But in order to eliminate name conflict we need to do more. Suppose Jupiter forwards for Callisto and Saturn forwards for Titan. Now if Callisto sends a broadcast on the private LAN, it will be re-broadcasted on the public LAN by Jupiter. Saturn will receive this broadcast and will send it to Titan. However Titan did already receive this packet, because it's also on the private LAN. Titan will receive to packets from Callisto, one with ip-address 192.168.1.2 and one with ip-address 184.108.40.206, causing a name conflict.
To prevent such loops you can use the nbfw deny hosts parameter. If your firewall can connect to another host via two or more different interfaces, you must use this parameter to block packets send to the public LAN from that host. In the above case Jupiter should deny NetBIOS packets from 220.127.116.11 and Saturn from 18.104.22.168.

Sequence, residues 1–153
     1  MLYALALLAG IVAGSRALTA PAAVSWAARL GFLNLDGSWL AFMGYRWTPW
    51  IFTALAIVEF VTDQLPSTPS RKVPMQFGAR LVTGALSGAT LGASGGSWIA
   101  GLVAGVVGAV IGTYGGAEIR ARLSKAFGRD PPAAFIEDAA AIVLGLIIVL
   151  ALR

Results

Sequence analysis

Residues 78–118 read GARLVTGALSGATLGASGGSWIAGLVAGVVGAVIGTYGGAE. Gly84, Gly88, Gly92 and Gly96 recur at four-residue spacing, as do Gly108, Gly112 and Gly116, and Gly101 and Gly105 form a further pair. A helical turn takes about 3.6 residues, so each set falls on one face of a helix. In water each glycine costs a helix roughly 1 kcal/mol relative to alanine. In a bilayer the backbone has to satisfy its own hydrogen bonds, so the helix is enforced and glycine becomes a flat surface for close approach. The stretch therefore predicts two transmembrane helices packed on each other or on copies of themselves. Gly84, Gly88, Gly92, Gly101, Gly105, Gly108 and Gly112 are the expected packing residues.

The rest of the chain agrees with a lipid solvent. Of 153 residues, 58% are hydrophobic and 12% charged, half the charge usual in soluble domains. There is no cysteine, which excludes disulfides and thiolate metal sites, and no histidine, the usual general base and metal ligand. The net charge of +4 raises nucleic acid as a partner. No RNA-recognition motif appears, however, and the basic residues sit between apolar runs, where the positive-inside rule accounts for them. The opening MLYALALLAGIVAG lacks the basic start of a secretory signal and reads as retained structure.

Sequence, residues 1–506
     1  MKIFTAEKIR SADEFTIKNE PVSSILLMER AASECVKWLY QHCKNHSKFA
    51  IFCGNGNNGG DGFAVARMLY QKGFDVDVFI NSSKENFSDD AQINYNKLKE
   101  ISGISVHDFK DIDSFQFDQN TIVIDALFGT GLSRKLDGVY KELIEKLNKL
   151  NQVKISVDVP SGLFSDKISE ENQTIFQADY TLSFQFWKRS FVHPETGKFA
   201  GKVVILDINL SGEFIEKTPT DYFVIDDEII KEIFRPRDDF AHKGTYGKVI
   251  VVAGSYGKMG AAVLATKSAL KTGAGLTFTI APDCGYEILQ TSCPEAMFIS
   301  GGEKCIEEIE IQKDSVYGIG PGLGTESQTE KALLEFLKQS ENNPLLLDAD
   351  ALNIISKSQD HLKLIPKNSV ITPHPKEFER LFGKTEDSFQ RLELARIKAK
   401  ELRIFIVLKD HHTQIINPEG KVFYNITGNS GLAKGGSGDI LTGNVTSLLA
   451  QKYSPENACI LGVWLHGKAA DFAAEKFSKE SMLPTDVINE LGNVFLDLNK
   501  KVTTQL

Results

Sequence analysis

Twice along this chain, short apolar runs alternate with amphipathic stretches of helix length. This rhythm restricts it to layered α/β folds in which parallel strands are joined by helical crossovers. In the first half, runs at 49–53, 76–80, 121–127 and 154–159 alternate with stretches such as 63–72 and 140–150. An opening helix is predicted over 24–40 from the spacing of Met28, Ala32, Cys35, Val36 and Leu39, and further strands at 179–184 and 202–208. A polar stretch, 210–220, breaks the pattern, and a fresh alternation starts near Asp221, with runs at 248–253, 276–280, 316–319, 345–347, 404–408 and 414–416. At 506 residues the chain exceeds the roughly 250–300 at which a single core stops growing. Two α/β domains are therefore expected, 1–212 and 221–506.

Also note the 'interesting' situation which exists if both Jupiter and Saturn forward to and from the whole private LAN. That will flood your network pretty fast.
Accessing the private LAN
If you want to share data on the hosts on the private LAN with hosts on the public LAN there is another problem: all connections are made on tcp port 139, which is in use by Samba. So if you want a host on the public LAN to access a host on the private LAN you must redirect its request.
Luckily the SMB protocol provides a very elegant way to accomplish this: the retarget response. Suppose host Uranus, on the public LAN, wants to connect to Callisto. It first send a query to obtain the ip-address of Callisto. Uranus will find this ip-address to be 22.214.171.124, the public ip-address of Jupiter, which masquerades for Callisto. Uranus will now connect to host Callisto using the ip-address of Jupiter on port 139. Jupiter knows Callisto is a host on the private LAN and will send a retarget response back to Uranus. This response instructs Uranus to try again using the ip-address of Jupiter but a different port. And this port on Jupiter is forwarded to port 139 on Callisto. So the second time Uranus connects to Callisto it will connect trough Jupiter to Callisto.